Bringing together leading representatives from fire, police, ambulance, emergency, rescue, volunteer, defence and health sectors the Conference will deliberate and discuss Disaster and Emergency Management issues confronting Australia, New Zealand and Internationally.
    The Conference Program will be designed to challenge, inspire, demonstrate and encourage participants while facilitating discussion. The program will include an extensive range of topics with Keynotes, Concurrent Sessions, Panel Discussions and Posters.
    The Conference is a joint initiative of four ‘not-for-profit’ organisations: Bushfire and Natural Hazards CRC, Australian Institute of Emergency Services, Australian & New Zealand Mental Health Association Inc. and the Association for Sustainability in Business Inc.
    Program Highlights
    The program is intended to provide all participants with an opportunity to contribute and learn. The program will examine what we have learnt in the past few years and provided a comprehensive forum to address the expertise, competencies and systems relating to the preparedness for future disasters, emergencies and hazards and the ability to recover from them quickly and efficiently.
    The program will include:
    • Keynote presentations by renowned speakers
    • Concurrent sessions, workshops and panel sessions
    • Networking Functions
    • Exhibition of leading industry professionals
    • Poster Presentations
    • Access to presenter podcasts and book of proceedings following the Conference


    Emerging Technology and Capability Needs
    • Technologies that enhance response to disasters
    • The importance of technology
    • The rate at which we adapt to new technology
    • Using technology to improve responses and preparedness
    • Risk management technologies

    1. Leveraging Technology And New Product Innovation To Enhance Fire Preparedness Along With Responses To Disasters

    ""The team at Colorado / Australian FireBreak and Hardened Structures USA / Australia knew that bushfire mitigation solutions that focus only on the home offer inadequate protection. Their goal was to engineer and construct a system that would protect the home and create a firebreak around it.

    Our team has extensive experience with high-pressure water systems, fire science, threat evaluation, and fire systems engineering, and this specialized knowledge and skill allowed us to create a unique wildfire protection system.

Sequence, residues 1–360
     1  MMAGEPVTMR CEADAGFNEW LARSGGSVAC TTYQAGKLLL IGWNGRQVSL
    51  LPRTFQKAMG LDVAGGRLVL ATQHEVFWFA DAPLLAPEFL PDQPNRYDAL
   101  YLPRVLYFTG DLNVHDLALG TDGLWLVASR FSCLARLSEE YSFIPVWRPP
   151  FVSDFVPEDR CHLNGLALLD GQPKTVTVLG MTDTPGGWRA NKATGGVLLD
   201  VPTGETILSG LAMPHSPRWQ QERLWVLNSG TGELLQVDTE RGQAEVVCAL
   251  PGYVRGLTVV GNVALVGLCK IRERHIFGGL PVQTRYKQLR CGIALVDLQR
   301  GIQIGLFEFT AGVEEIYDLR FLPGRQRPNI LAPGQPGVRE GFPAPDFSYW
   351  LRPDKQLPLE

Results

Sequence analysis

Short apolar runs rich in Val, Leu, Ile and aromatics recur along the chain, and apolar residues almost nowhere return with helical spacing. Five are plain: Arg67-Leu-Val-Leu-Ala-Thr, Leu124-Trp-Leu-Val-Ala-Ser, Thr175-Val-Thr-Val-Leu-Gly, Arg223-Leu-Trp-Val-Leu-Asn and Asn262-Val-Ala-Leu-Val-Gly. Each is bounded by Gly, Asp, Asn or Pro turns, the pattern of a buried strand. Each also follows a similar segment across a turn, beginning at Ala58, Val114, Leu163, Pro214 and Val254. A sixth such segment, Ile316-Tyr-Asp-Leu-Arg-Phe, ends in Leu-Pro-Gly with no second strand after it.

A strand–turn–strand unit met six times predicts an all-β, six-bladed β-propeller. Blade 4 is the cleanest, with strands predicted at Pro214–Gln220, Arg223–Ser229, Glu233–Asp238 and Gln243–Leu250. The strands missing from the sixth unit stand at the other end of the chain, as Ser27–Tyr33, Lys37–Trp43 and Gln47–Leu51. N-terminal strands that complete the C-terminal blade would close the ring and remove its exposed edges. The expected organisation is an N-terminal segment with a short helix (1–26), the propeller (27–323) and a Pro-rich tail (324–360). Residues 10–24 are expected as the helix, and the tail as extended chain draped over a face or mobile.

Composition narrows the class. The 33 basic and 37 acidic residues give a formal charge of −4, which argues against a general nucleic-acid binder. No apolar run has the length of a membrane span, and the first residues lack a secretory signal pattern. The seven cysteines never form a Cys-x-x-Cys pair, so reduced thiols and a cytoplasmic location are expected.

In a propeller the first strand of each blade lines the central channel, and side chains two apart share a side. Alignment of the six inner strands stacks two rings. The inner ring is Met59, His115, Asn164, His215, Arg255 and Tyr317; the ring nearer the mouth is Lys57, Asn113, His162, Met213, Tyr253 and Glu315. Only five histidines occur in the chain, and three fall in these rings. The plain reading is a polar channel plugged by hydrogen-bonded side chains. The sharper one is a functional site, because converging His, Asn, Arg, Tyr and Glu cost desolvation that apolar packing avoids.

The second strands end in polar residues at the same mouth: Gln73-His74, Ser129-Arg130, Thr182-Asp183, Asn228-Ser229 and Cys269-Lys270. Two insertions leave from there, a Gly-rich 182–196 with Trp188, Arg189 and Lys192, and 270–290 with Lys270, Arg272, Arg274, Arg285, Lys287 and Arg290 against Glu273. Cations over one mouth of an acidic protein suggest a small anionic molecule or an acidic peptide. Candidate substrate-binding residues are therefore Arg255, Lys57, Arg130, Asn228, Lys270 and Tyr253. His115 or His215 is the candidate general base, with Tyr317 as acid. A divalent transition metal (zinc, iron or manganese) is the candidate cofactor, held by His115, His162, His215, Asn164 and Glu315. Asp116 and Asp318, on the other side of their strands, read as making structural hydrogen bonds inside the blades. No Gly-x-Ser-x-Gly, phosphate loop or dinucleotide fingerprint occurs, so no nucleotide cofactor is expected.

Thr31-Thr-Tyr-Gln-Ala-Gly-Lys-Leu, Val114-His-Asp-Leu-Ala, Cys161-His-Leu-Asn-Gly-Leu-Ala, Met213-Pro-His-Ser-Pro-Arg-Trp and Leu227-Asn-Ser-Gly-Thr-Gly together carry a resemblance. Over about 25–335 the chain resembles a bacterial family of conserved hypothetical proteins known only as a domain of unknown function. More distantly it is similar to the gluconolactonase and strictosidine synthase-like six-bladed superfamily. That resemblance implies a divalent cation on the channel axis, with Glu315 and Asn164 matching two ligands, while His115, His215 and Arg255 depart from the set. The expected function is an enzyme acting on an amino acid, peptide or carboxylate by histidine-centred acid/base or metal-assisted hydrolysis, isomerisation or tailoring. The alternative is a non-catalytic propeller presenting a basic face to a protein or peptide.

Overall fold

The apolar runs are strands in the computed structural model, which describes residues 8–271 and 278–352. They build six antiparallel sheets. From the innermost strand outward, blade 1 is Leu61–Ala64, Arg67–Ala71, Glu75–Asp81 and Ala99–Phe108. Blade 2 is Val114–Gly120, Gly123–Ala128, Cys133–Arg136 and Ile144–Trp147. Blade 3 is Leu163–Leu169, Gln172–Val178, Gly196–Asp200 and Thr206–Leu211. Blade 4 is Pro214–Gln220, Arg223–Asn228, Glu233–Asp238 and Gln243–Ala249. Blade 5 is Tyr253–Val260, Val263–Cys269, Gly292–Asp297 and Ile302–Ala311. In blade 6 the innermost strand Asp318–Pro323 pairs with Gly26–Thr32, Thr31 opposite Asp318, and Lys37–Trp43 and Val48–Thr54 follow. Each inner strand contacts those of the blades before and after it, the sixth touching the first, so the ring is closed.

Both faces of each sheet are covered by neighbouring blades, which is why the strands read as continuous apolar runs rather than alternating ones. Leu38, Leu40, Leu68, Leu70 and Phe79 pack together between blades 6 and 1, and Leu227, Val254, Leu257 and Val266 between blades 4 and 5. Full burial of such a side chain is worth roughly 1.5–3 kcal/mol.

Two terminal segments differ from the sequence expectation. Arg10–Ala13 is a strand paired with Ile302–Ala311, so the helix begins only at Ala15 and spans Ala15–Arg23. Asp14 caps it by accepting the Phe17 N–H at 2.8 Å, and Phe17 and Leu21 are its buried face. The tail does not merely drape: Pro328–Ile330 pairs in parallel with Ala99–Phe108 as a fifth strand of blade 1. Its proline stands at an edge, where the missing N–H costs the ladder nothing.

The system’s innovative design which includes use of smart phones for activation via temperature sensors which not only covers the home in a spray of advanced hydro gel, but also hydrates the trees and vegetation around the home producing a micro-climate that lowers air temperatures, raises humidity, and acts as a natural firebreak.

    The US Army is looking at placing a system on their bases with a physical “red button” and with internet deployment accessibility. 

    FireIce brands include;

    1. FireIce Wildland – FireIce High Visability Orange HVO & Blue HVB - a proprietary blend designed exclusively for use in airtankers and helicopters, which has been procured by several wildland fire agencies in the USA

    2. FireIce Shield – For First Responders

    3. FireIce Extinguishers

    FireIce Solutions & the IMCD, a leading company in sales, marketing and distribution of speciality chemicals here in Australia distributes to fire departments, police departments, emergency medical services and other first responders . . . the growing list of fire, police, hazmat and other municipalities adding FireIce to their fire-fighting arsenals.

    FireIce, is an extremely effective and versatile product used both as a suppressant to extinguish fires and a fire retardant to protect assets especially when installed as a part of a technology based automated property defense system.

    FireIce is now firmly entrenched as the industry-leading gel retardant brand providing cost-effective and environment-friendly products to all related agencies.""

    2. Colorado / Australian Firebreak & Hardened Structures 

    Colorado / Australian FIREBREAK designs and builds customized systems to deliver an advanced revolutionary new water enhancing hydro gel technology called FireIce in the event of a wildfire.

    We engineer fully-automated wildfire mitigation systems that become operational when sensors detect the UV wavelengths unique to fires. The sensors see the fire or embers coming and send signals to a proprietary controller. The controller starts a series of steps by mixing the eco-friendly FireIce with water, closing eave vents, and coating areas to be protected. The system also hydrates the trees and vegetation around the buildings producing a micro-climate that lowers air temperatures, raises humidity, and acts as a natural firebreak. By combining a Colorado / Australian Firebreak System with standard wildfire protection advice which includes thinning trees like the highly flammable eucalyptus, you can help mitigate the risk from a wildfire threat to create the Ultimate Bushfire Mitigation System (UBMS).

    Homeowners and businesses turn to FireIce to protect their property from approaching wildfires. Cities use it to save lives and control dangerous utility fires. Firefighters rely on FireIce to quickly and permanently extinguish structural and wildland fires - it's the most versatile and efficient firefighting tool available.